Advice for Successful Individual Oral Commentaries

At some point, sooner or later, whether you are a HL or SL student, you'll see that IOC coming toward you.  You'll be thinking such things as 'how am I going to get through this?' or 'what can I do to prepare?'  Your teachers will have offered you a good many tips, some of which you took on board and others that have slipped away over time–or weren't actually heard.  Teachers have diverse opinions about how best to do this, ...

A Wider World (Part 1)

Assuming that you're on this site because you're interested in the kind of reading and writing that your literature and language courses may or may not involve, these three (or maybe more) blog entries will be looking outside and inside of conventional 'English class' materials to provide new directions and unpack some older ones. Widening our sense of graphic novels  Take a look at these four graphic narratives. A Game for Swallows Born in the midst of the Lebanese war when the city ...

Greek Terms (3)

This post adds two much larger terms to the series. There is no possibility that we can provide the range and depth the terms involve but may at least give you some brief references to two significant treatises by Aristotle.  And in the case of both, you will likely have some acquaintance with the particular elements below that fall under these terms, rhetoric and poetic. (A small hint: the stress in 'rhetoric' falls on the first syllable.) And most students ...

Coming to Terms with Greek Terms (2)

In this pair we are dealing with one term that you may encounter but are less likely to actually use in your own critical writing, and another that you might actually find usable.  Either way, your knowledge of these 'terms of art' can work to expand your sense of how to talk (or hear others talk) about the way literary works are constructed and operate. The first term is mimesis.  Both Plato and Aristotle employed this term, not in precisely the ...

Some Ideas for Thinking about World Literature

I've been poring over some materials I've used in workshops on 'Literature in Translation,' and thought it might be useful to share some of these resources and add in a frequent question about the Written Assignments. These articles are variable in their weightiness, but there are likely to at least be bits and pieces that you may find useful for deepening your own thinking or some ideas to explore in your classes. I like the following for its range of views ...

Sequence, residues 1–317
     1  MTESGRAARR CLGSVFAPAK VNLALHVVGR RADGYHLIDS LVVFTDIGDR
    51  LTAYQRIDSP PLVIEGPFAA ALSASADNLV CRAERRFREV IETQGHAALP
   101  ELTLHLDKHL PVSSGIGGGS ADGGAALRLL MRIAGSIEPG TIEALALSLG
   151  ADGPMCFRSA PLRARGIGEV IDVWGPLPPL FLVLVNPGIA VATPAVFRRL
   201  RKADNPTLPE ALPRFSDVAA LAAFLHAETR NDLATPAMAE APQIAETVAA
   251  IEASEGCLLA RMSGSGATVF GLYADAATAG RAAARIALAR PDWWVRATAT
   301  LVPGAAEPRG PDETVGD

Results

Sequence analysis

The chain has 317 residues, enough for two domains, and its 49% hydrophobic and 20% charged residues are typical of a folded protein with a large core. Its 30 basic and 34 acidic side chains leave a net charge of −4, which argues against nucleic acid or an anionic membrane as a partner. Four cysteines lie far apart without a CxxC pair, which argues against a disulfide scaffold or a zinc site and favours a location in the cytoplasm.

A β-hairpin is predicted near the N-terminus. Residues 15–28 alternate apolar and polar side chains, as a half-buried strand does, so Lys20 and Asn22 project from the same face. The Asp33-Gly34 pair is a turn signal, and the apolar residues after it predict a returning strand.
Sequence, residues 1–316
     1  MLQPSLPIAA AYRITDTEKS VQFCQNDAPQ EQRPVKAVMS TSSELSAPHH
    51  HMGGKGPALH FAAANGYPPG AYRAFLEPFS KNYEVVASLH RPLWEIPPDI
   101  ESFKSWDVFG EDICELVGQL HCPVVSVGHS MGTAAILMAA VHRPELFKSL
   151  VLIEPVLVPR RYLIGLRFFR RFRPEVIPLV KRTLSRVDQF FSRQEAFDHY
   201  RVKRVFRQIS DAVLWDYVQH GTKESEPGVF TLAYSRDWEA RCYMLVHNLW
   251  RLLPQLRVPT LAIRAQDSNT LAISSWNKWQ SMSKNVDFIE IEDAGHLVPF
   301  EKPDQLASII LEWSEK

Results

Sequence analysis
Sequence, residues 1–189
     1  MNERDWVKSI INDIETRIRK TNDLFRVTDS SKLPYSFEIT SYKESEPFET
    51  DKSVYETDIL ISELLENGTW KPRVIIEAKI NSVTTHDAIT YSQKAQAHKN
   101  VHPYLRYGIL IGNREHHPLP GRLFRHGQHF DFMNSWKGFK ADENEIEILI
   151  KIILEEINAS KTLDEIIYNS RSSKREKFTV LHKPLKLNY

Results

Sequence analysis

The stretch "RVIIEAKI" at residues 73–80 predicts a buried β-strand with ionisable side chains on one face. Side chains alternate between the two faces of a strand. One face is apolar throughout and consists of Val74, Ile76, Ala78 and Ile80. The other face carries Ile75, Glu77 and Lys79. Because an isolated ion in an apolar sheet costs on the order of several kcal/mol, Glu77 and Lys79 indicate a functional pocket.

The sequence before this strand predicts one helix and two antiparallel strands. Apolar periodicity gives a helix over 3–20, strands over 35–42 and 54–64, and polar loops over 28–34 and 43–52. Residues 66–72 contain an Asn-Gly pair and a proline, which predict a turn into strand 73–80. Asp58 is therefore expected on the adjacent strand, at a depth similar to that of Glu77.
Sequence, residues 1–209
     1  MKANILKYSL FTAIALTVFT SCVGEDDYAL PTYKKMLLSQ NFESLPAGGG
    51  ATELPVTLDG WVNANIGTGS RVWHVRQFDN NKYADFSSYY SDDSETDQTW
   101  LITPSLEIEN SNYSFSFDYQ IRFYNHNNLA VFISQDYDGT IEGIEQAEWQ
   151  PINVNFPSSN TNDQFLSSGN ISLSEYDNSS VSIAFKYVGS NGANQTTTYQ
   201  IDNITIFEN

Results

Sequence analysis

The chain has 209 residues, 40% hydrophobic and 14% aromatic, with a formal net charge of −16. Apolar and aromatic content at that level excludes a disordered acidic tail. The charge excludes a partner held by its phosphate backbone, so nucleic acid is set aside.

…And One Last Go at Syntax

Here's an interesting set of recommendations about improving your writing through 'conscious syntax' that gets to the issue through a pair of basic sentences.  I like it and maybe you will, too: 10 Varieties of Syntax to Improve Your Writing It is this rich variety of word and phrase order and variation in punctuation that makes prose — fiction or nonfiction — readable. As you review your writing, make sure that you vary sentence structure among these and other constructions to create ...

A Theme? A Motif? Which Is It?!

One of the cranky little issues that often (almost always) arises when you are trying to write about the leading ideas or stylistic choices in a piece of literature—as you often must in your courses that involve this kind of art—is when to use the term 'theme' and when to use 'motif.'  And it's no wonder. However, if you decide to settle this in your own head once and for all, and search out definitions either digitally or in print, ...

. . .and more about syntax

The more we think about syntax, reading or writing it, the more we close in on sentences. If syntax is basically the ordering of words, sentences are how we deliver or read that ordering of words. We can opt for doing this in staccato ways with punchy short sentences, in long leisurely orderings, or in sentences that withhold a crucial element until the very end. And good writers use all of these. It’s relevant, then, to do a quick review of ...

Syntax: a path to better analysis, better writing

Very often, in commentaries and other analysis, students bring up the term, 'syntax' but seldom have much to say about it.  If you pay a little attention to figuring out what it is and how writers use it, you could really raise your game in both analysis, and yes, your own writing. First, let's get straight the simplest definition of what we mean when we talk about syntax.  It's simply the way words are arranged in a sentence.   'Arrangement' suggests writers ...

Pump up your verbs, please

In all of your essays, whether they are demanded for your Written Assignments, your commentaries, or your Paper 2 essay, you can win the heart of your examiners by moving beyond the conventional verbs you use to talk about literature.  Show, demonstrate, characterize, suggest, reveal, portray: all of these are good, valid and useful, and sometimes just the right one for your purposes. However, maybe you'd like to extend your options. How about 'intimate' for 'suggest?' ' The poet intimates that perhaps ...